DC could solve issues with grid flexibility


Improvements in technology and growth in power electronics on the grid has brought DC back into focus. Alan Binning, regional sales manager at energy software expert, COPA-DATA UK, explains why.

In the late 1880s, Thomas Edison and Nikola Tesla began a conflict known as the war of the currents. The two inventors and industrialists battled over whether Direct Current (DC) or Alternating Current (AC) should be used to distribute electricity. Ultimately, AC’s ability to work with transformers to easily increase and reduce voltage to transmit electricity across long distances won, and has reigned supreme for more than 100 years.

As renewable energy and smart systems become a larger part of the grid, more flexibility and resilience is needed. As renewable energy generation fluctuates, demand must be met with infrastructure that enables greater control.

Direct current (DC) offers several features that make it an excellent choice to enhance the stability of the modern grid. Firstly, its greater efficiency than AC, coupled with the fact that it can be used alongside existing infrastructure, makes DC seem an excellent way to add capacity and resilience to the grid without investing in new substations and connectors.

DC could also offer a more straightforward way to facilitate smart or microgrid applications. For example, it reduces the number of conversion steps between dc sources and dc loads and eliminates the need for frequency synchronisation. Power converters introduce greater flexibility and controllability, ideal for use with energy management systems.

Distribution network operators are exploring how they can take advantage of DC’s properties to build a more flexible, sustainable energy grid.

DC in action

DC share by Western Power is an MVDC project that aims to facilitate rapid EV charging, key to the uptake of EVs. This smart DC network uses the available latent capacity across multiple distribution substations in constrained areas. The substations are connected to DC converters and high capacity DC links.

The project uses DC to optimise existing assets and minimises the impact of clusters of rapid charging points on the wider grid.

Outside the UK, a new project, TIGON, involves 15 partners from eight member states of the EU. It aims to show how DC microgrids can support the EU’s green ambitions, and improve technology readiness for the widespread use of microgrids.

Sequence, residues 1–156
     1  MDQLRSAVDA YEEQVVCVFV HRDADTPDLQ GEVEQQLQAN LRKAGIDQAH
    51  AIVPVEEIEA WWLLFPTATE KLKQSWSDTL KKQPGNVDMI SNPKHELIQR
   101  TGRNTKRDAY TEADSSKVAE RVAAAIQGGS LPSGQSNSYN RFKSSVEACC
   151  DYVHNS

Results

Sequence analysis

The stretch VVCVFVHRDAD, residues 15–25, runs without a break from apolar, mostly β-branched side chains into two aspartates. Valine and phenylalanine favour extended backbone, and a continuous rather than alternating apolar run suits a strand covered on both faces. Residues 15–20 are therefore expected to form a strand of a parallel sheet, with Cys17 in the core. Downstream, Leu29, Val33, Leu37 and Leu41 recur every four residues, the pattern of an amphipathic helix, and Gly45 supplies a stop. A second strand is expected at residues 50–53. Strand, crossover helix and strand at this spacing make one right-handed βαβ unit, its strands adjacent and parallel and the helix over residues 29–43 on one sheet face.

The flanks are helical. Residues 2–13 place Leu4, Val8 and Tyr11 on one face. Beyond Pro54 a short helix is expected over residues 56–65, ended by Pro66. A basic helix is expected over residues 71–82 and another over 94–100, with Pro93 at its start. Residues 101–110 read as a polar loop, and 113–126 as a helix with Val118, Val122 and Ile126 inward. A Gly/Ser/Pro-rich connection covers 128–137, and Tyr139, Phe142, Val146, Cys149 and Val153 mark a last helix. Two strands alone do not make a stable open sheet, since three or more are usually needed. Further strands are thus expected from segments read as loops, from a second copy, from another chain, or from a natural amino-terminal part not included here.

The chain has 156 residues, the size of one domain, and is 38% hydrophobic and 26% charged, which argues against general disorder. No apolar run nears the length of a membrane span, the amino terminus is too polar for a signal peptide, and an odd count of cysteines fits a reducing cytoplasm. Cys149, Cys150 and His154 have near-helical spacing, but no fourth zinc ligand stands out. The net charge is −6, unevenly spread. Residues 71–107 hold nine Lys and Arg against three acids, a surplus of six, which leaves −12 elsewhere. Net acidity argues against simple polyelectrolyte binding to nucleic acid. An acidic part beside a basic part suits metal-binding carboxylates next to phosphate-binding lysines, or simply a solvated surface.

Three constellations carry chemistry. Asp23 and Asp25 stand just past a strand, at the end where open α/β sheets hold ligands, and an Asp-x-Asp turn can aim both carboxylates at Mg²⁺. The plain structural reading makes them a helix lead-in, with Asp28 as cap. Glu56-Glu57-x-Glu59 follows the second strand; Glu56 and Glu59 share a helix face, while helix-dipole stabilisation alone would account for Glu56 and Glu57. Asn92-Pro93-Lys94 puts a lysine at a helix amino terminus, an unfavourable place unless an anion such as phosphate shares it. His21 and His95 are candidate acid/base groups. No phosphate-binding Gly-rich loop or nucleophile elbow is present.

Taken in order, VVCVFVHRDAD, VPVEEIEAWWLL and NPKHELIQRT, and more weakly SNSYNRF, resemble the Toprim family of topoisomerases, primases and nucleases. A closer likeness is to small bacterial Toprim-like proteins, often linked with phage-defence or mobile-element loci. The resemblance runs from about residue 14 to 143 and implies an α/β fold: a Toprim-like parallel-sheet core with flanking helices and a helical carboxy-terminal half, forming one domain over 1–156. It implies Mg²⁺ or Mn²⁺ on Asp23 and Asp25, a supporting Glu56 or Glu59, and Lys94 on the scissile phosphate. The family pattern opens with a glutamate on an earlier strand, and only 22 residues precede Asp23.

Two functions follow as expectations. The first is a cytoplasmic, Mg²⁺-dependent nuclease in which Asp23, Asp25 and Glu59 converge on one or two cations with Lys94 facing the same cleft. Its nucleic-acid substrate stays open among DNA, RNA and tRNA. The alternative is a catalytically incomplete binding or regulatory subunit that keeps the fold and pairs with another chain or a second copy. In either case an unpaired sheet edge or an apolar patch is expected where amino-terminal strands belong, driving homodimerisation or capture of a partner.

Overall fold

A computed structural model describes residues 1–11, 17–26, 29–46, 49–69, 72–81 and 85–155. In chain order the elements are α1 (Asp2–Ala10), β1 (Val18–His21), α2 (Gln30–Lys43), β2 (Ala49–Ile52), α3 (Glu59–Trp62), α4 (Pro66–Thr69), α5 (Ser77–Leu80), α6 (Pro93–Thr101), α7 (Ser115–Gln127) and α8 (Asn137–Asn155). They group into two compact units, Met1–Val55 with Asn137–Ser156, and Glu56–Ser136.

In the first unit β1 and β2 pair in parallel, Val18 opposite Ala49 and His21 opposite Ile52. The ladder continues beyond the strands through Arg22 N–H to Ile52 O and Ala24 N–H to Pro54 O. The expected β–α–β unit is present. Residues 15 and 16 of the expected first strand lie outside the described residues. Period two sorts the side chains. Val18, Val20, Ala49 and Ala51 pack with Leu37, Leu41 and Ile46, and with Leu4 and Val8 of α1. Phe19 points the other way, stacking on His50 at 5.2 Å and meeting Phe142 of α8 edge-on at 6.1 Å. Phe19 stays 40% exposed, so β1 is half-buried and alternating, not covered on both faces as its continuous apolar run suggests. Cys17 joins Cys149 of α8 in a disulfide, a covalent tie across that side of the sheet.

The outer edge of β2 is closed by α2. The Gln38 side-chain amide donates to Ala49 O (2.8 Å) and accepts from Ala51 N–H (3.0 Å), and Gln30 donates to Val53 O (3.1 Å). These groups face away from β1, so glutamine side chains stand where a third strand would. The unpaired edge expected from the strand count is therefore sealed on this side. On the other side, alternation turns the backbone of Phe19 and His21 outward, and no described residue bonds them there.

Launched in September 2020, the project will set up two microgrids in Spain and France. The microgrids will incorporate solar power, energy storage systems, EV charging points and other DC loads. To achieve this, TIGON will rely on pioneering grid technologies including energy management systems, solid state transformers, and DC/DC converters.

Software for DC

If energy companies are to take advantage of the flexibility and resilience offered by DC, the ability to analyse data in real time is essential — especially when DC networks are connected to renewable power.

If DC infrastructure is to be widely used, its scalability, security, and connectivity becomes essential. Whether it is renewable power plants, energy storage systems or EV charging points being integrated to the grid, software like COPA-DATA’s zenon, can make each asset more controllable and efficient for smart grid applications.

Though the war of the currents ended with one clear winner, the demands of modern energy distribution mean there is room for AC and DC to work together. As the growing number of DC projects show, there is a real need for flexibility and controllability in the grid. What’s more, the projected increase in renewable power and EVs mean these properties will become even more in demand. DC infrastructure offers one solution to futureproof the network and create a resilient, low-carbon grid.


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